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 In Sustainable Farming

California’s drought has made headline news across the world over the last several years. Water conservation has been our mantra. And it looks like it’s working! In March 2016, Californians cut their water usage by almost a quarter. That’s great news, especially since we’re now entering our fifth year of record-low rainfall. You might recall that Governor Brown declared the drought a state of emergency on January 17, 2014. While this season’s winter storms are mostly likely behind us and summer’s hot temperatures approaching, water conservation is as important as ever. Many of us hoped that “El Nino” would bring precious H2O to our thirsty reservoirs, we have a long way to go before our water reserves are back to normal. The US Geological Survey website contains drought facts, including the status of our snowpack and water-related statistics. The USGS also provides interesting facts on water science.

Effective Water Management on Independent Farms

Managing water resources is a critical factor when running a small, independent farm in California as well as across the country. In our sustainable farming manifesto, we lay out what good water management means to us. It is based upon simple things:

  • Effective and efficient irrigation
  • Overall water conservation
  • Cover crops to reduce soil erosion
  • Protecting water quality by managing runoff

These are just of the few factors we evaluate when choosing recipients of our small farm grants.

So how should farms be preparing for future droughts?

Diamond-CollectorWater Conservation & Irrigation

Irrigation is one part timing, one part delivery. You need to make sure your crops are watered at the right time and in the right place. Drip irrigation is one way to help lessen the amount of water wasted and reduced the pressure on dwindling water resources. By delivering the water directly to the roots, it avoids much of the evaporation you see with more typical spray type watering systems.

An efficiently installed drip irrigation system can save a lot of water while boosting crop production. That’s definitely a win-win. The second part of irrigation is timing. The frequency and amount of water delivered is integral. Overwatering, obviously, is just as bad as underwatering. It’s important for farmers to keep a close eye on the weather, monitor temperature fluctuations and plan their watering schedule accordingly.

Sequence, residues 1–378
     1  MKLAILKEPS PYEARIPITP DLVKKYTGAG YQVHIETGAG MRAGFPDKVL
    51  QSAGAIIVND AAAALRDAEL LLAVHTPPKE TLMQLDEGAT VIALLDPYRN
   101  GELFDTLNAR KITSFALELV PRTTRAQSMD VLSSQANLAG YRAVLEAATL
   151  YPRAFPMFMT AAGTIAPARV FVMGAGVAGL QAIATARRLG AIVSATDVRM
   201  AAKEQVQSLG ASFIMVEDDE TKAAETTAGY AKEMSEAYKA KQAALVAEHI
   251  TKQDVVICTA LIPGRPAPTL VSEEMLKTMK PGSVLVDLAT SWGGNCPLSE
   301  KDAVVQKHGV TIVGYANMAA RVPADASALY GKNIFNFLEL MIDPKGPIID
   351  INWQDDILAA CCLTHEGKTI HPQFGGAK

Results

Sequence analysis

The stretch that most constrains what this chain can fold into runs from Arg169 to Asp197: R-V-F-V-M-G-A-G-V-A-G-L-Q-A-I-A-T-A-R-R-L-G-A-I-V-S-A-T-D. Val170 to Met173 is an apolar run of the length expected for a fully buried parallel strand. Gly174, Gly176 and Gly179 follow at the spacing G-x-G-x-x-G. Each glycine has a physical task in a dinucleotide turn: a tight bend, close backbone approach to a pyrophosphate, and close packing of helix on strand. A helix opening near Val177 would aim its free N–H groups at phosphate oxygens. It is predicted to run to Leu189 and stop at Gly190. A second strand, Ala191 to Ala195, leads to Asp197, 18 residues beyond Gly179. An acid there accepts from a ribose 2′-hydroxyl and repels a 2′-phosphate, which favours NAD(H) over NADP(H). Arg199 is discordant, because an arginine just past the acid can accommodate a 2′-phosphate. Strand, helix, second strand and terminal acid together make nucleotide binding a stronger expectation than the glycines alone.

Cover Crops

The idea of cover crops is that they fill the gaps on a farm. By covering soil that would otherwise be bare, it increases its water-holding capacity. A survey from the North Central SARE (North Central Sustainable Agriculture Research and Education) found that farmers who used cover crops yielded between 11 and 14% more than those who did not use them. As well as improving the profitability of a farm’s acreage, cover crops also help reduce weeds, increase soil fertility and prevent compaction and erosion.


Managing Runoff

Protecting the quality of water, by managing runoff is another vital aspect of water conservation. Allowing contaminated water back into the water system can have disastrous implications for a farm and the surrounding area.

Typically runoff is made up of one of four things: nitrogen, phosphorus, sediment and fecal matter. There are many solutions, from irrigation ditches to contain any chemical runoff, to livestock fencing. Another way to limit the danger of polluted runoff is planting cover crops. With more plants there to absorb fertilizers, the runoff is lessened. Another is obviously using less fertilizer — even organic — wherever possible.

Take An Active Role

If there’s a silver lining to our drought cloud, it may be the increased appreciation of a precious and limited resource. Communities are taking a more active role in reducing usage. You can also help in a more sustainable way: by helping The FruitGuys Community Fund help small, independent farms finance water-saving projects like the installation a drip-irrigation system. Your donation can make a big difference to water conservation while growing organic and eco-sustainable food.


Photo credit:

Suzanne Nilsson


US Dept of Agriculture

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